Enjoy a traditional British seaside break at the Norfolk coastal towns of Cromer and Sheringham
If you’re looking for a day filled with sandcastles and ice cream, hop in the car and visit one of these Norfolk beach towns…
With a seafront townscape that rises steeply from the Promenade and a traditional pier, Cromer recalls a golden age of British seaside holidaymaking. The Pavilion Theatre hosts one of the country’s last end-of-the-pier summer variety shows. Full of glitz and glamour, the theatre production runs from July to September.
Cafes, gift shops and amusements sit above the beach, while the RNLI Henry Blogg Museum gives insights into the bravery of those men who risk their lives to save others at sea. The Cromer Museum, adjacent to the church at the heart of the town, is also a trove for those interested in local history.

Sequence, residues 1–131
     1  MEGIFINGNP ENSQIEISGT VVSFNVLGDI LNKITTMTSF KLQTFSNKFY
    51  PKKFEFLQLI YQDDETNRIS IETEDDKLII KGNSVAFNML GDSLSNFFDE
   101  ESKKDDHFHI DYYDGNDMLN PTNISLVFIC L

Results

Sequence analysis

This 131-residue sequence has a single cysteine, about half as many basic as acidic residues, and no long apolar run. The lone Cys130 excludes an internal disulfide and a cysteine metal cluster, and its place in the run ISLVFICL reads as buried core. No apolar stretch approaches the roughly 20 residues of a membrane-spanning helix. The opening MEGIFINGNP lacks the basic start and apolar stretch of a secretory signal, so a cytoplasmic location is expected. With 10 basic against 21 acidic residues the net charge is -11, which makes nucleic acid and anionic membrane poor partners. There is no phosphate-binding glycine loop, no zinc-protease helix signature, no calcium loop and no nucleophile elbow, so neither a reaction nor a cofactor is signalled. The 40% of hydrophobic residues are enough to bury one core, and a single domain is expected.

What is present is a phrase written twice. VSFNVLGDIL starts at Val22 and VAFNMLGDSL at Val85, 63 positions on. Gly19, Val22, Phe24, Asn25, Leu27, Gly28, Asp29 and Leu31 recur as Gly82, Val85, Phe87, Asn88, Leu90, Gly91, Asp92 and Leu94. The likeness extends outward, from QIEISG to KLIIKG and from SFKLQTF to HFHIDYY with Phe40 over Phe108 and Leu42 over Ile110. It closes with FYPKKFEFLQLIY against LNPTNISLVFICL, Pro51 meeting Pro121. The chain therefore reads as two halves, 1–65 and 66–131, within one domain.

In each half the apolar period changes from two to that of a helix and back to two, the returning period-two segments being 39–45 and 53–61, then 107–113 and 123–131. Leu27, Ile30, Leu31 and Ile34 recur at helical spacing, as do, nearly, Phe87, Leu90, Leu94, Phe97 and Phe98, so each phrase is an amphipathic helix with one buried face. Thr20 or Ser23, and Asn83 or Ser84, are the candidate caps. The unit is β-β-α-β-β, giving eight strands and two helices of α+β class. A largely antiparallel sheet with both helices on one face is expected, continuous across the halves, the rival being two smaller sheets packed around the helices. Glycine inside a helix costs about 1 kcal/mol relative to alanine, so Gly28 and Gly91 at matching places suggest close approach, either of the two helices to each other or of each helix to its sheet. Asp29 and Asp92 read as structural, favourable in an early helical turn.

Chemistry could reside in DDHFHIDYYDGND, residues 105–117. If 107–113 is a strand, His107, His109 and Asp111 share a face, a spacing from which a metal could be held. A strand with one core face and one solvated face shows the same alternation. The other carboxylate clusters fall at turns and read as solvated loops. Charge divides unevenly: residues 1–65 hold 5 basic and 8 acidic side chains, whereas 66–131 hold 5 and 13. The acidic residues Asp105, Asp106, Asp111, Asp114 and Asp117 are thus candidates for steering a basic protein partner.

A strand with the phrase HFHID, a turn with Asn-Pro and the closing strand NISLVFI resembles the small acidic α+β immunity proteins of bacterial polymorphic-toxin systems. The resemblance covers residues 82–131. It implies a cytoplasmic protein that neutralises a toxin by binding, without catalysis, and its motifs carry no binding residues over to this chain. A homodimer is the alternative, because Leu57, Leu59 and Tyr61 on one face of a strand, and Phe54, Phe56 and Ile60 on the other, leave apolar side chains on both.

Amazona Zoo on the edge of Cromer, brings the colour of tropical South America to the North Norfolk coast, while The National Trust’s Felbrigg Hall, just two miles from Cromer, has a lush walled garden and acres of parkland and woodland to explore. Cromer crabs are still as famous as ever with fishing boats, launched from the beach in season. Don’t leave without a tasty crab lunch!
A plume of steam is often seen rising above the heart of Sheringham, as engines embark from The Poppy Line heritage railway along the coast to Holt. The Poppy Line station hosts themed events throughout the year, recalling a golden age of the railways with steam and diesel engines.
Sheringham boasts an array of independent shops, and there is a wealth of attractions in and around the town. Pass an afternoon wandering the enchanting Priory Maze & Gardens, which lie around the ruins of the 13th century Augustinian Friary of St Mary at Beeston Regis.
The National Trust’s Sheringham Park is a mature woodland with paths and walks punctuated by viewing platforms for taking in the stunning colour of the many flowers that blossom throughout the summer. A treetop platform gives breath-taking coastal views!